Building Approvals Rise Strongly
South Australian building approvals rose strongly once again in August, which suggests that activity in the local construction sector should remain quite solid through the remainder of the year. The trend estimate of the total value of building jobs approved rose by 6.9 per cent in August to be up 35 per cent compared to 12 months earlier. In comparison, national building approvals have been stagnant. The latest national data from the Australian Bureau of Statistics (ABS) indicates that the total value of building jobs approved fell by 0.3 per cent in August, and was down 1.2 per cent through the past year.
The strong result for South Australia in August was brought about by a significant increase in the value of non-residential buildings approved (up 14 per cent). There was also a small increase in the value of total residential buildings approved (up 0.5 per cent).
While the value of South Australian approvals has risen strongly, the number of approvals has grown more modestly. The number of building approvals in trends terms for South Australia rose by 0.9 per cent in August, but was still up strongly over the past year (by 12 per cent). Despite the solid increase in the number of building approvals over the past year, the number of approvals remains below previous peak levels. For example, the number of approvals in August was 6.3 per cent lower compared to its previous peak reached in March 2016.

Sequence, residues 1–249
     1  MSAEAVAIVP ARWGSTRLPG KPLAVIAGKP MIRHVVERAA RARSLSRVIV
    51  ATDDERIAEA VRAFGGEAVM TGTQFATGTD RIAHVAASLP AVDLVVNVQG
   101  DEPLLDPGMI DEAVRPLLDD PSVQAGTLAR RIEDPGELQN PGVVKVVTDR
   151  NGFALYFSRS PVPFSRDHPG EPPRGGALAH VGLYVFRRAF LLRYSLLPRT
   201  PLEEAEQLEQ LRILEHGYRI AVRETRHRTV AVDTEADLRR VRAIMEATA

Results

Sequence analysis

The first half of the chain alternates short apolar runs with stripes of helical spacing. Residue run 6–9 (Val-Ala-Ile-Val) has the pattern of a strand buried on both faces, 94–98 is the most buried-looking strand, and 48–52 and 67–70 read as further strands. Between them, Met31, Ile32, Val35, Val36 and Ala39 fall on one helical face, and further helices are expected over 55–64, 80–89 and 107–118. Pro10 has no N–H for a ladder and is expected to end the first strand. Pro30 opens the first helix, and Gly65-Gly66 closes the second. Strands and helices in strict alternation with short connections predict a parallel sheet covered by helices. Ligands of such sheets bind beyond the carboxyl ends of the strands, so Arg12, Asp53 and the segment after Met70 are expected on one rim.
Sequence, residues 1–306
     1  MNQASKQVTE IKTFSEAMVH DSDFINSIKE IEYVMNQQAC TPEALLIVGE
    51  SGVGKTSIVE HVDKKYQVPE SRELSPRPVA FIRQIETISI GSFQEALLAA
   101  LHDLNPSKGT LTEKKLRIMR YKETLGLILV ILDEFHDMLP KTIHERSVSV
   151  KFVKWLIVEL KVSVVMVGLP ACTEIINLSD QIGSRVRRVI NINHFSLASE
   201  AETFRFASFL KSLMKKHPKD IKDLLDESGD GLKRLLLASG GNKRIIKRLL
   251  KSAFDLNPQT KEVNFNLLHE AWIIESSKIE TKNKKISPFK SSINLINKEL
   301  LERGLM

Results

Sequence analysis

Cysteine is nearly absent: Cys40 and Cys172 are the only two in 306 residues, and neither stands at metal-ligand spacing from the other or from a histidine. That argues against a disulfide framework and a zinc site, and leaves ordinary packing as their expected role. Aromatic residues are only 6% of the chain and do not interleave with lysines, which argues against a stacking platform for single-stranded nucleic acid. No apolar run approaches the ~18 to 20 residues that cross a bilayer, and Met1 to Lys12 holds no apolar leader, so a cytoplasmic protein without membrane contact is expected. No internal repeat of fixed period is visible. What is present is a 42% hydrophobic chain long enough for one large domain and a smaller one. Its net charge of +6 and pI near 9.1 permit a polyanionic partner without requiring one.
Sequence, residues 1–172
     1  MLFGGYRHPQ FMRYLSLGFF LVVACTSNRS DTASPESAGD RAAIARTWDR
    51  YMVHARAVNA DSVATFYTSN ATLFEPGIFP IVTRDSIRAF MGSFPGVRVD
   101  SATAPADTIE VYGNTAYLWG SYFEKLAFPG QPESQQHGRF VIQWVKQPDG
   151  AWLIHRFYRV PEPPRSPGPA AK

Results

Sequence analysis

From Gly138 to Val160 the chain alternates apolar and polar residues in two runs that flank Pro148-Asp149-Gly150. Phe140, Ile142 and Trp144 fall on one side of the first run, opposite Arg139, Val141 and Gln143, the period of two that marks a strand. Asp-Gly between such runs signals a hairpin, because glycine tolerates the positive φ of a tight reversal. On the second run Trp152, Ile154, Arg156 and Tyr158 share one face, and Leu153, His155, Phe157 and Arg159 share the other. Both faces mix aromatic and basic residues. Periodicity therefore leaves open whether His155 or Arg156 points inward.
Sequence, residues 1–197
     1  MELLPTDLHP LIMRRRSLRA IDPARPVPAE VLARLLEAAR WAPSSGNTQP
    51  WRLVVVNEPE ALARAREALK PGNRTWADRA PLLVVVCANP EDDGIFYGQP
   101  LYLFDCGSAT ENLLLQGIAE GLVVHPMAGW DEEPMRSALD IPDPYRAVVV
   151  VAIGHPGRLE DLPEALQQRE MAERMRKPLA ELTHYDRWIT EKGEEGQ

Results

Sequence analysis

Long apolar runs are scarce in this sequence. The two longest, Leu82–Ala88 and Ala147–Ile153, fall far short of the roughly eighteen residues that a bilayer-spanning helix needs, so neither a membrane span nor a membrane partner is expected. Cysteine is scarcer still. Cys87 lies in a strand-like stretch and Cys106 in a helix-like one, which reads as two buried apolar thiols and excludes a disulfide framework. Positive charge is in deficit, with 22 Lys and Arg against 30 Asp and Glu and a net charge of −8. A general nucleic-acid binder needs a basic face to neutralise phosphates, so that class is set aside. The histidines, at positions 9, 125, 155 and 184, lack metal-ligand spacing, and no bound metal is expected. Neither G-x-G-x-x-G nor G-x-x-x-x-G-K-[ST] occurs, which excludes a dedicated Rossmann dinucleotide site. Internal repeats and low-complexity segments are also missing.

Retail sales weaken
South Australian retail sales have entered the new financial year on a weaker footing, according to data released by the ABS last Thursday. The trend estimate of retail turnover for South Australia fell by 0.1 per cent in August following a flat result for July. In comparison, national retail turnover rose by 0.1 per cent in July and August respectively.
While trend estimates suggest that national retail sales grew weakly in August, seasonally adjusted data paint a quite different picture. National retail turnover fell by 0.6 percent in August in seasonally adjusted terms, its largest drop since March 2013. Moreover, the decline was broadly based with every state and territory recording a fall in retail turnover.
It is too early to tell whether the latest August seasonally adjusted results represents the emergence of a weaker trend in retail spending. However, the deterioration is consistent with sluggish wages and high household debt levels. Large price increases for electricity from the start of the financial year would also have squeezed discretionary incomes in some states including South Australia.